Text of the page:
Black Lives will still matter in 2016

(Boston Globe)
(Boston Globe)

Leondra Head | Staff Writer

Many Black lives were lost this year due to police brutality and senseless killings of unarmed black men and women. The influential organization Black Lives Matter has  campaigned against violence towards African American. The organization regularly organizes protests around the deaths of black citizens killed by law enforcement officers, endured racial profiling or police brutality in the United States. The Black Lives Matter Movement began with the use of the hashtag #BlackLivesMatter on social media sites. The hashtag began after George Zimmerman was found not guilty of killing unarmed black teenager Trayvon Martin.

Black Lives Matter became nationally recognized for its street demonstrations following the 2014 deaths of two African Americans: Michael Brown, which resulted in protests and unrest in Ferguson and Eric Garner in New York City. Several other African Americans deaths were protested by the movement this year, including Eric Harris, Walter Scott, Jonathan Ferrell, Sandra Bland, Samuel DuBose, Freddie Gray and Laquan McDonald.

Laquan McDonald was an unarmed teen who was shot 16 times last year in Chicago. A Chicago police officer spent 13 seconds firing as Laquan McDonald lay prone on the street, emptying his pistol and reloading even though the black teen never made a motion to fight back, according to charging documents released ahead of video showing the deadly 2014 shooting. Police were called to the scene when McDonald was seen walking around outside in a neighborhood with a knife. According to the documents, “McDonald never spoke to the officers and never responded to their numerous verbal commands that he drop the knife.”

Officers described the teen as having a “blank stare and a glazed look in his eyes.” Other officers stated that they “did not see the need to use force against McDonald when they encountered him,” and that he began running away when sirens could be heard. The officer was just released on bail. The officer arrested for the shooting posted bond and was released from jail on Monday, November 30, 2015.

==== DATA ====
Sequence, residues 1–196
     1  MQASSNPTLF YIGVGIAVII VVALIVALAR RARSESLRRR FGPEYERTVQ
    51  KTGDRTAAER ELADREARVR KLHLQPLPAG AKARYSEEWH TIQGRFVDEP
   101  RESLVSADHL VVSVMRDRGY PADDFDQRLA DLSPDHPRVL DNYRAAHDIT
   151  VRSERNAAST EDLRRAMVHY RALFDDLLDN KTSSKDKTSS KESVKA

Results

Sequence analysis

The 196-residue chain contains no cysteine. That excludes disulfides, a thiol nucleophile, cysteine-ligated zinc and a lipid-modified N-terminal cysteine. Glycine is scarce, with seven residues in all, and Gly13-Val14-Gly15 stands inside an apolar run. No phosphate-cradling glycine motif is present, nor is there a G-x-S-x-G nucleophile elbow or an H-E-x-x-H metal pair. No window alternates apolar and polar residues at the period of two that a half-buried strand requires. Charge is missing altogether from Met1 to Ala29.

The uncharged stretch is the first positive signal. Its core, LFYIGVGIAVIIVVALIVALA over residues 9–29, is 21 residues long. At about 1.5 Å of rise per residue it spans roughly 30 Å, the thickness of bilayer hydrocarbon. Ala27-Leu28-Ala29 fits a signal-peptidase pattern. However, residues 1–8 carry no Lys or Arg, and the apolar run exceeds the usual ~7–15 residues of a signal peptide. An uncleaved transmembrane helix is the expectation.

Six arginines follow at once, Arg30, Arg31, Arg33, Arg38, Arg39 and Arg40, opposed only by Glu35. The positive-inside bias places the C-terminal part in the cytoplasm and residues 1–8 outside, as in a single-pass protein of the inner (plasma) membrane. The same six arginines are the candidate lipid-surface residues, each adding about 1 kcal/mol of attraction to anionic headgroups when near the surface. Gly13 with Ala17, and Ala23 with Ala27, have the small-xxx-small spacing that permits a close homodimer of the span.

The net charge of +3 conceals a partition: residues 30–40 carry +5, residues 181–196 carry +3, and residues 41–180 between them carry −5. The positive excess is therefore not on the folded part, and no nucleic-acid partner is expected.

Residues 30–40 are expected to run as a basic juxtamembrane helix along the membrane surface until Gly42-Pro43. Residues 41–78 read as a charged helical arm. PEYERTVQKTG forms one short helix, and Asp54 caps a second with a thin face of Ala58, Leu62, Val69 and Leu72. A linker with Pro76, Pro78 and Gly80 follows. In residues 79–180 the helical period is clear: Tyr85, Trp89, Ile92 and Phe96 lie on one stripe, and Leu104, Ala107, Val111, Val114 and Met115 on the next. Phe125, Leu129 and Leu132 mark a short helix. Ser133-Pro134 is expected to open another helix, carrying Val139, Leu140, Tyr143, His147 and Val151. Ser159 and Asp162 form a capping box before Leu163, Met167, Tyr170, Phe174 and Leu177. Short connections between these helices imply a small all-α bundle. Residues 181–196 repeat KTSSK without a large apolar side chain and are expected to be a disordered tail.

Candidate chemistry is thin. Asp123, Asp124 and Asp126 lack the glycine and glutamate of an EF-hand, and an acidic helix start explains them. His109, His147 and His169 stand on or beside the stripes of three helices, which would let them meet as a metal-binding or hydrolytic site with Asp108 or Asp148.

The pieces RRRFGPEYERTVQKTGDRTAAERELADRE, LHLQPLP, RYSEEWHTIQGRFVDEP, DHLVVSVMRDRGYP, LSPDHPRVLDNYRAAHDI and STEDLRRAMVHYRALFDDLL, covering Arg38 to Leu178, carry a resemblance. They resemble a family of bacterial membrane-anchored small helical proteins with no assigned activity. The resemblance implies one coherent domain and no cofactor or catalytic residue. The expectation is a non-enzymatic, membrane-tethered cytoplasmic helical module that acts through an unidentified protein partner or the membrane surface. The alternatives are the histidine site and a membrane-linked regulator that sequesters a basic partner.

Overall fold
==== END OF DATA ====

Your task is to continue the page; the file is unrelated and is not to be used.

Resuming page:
Freddie Gray was a black life lost this year. The first trial for the Freddie Gray case was held on just yesterday, November 29th. On April 12, 2015, Freddie Gray, a 25-year-old African-American man, was arrested by the Baltimore Police Department for possessing what the police alleged was an illegal switchblade. While being transported in a police van, Gray fell into a coma and was taken to a trauma center. Gray died on April 19, 2015; his death was ascribed to injuries to his spinal cord. On April 21, 2015, pending an investigation of the incident, six Baltimore police officers were temporarily suspended with pay.

The country could not forget two tragedies which occurred within a month of each other. On June 17, nine innocent black lives, including Pastor Clementa C. Pickney, were taken in an act of domestic terrorism at the Emanuel African Methodist Episcopal Church in downtown Charleston, South Carolina. This act seemed to almost set the nation back fifty years to the Civil Rights Movement era, when the destruction of the African American church was the norm. A few weeks later, on July 10, a 28-year-old woman named Sandra Bland was pulled over for a minor traffic violation by state trooper Brian Encinia.

He arrested her for not turning on a signal light to switch lanes, which was followed by an escalating conflict, during which he alleged that she had assaulted him and which was recorded by his dash-cam and by a bystander’s cell phone. The officer was placed on administrative duty for failing to follow proper traffic stop procedures. The release of the dash-cam video supports the claim that normal procedures were not followed by the arresting officer.

Bland was found hanged in a jail cell in Waller County, Texas, on July 13, 2015. Her death was classified as a suicide by the county coroner, and was followed by protests against her arrest, disputing the cause of death and alleging racial violence against her.

These African American depict and represent the black lives lost to excessive force by police. The many unarmed African America citizens killed by law enforcement officers are caught on camera by dash-cams or innocent bystanders. The Black Lives Matter Movement highlights these lives and many others killed annually through demonstrations and police brutality.

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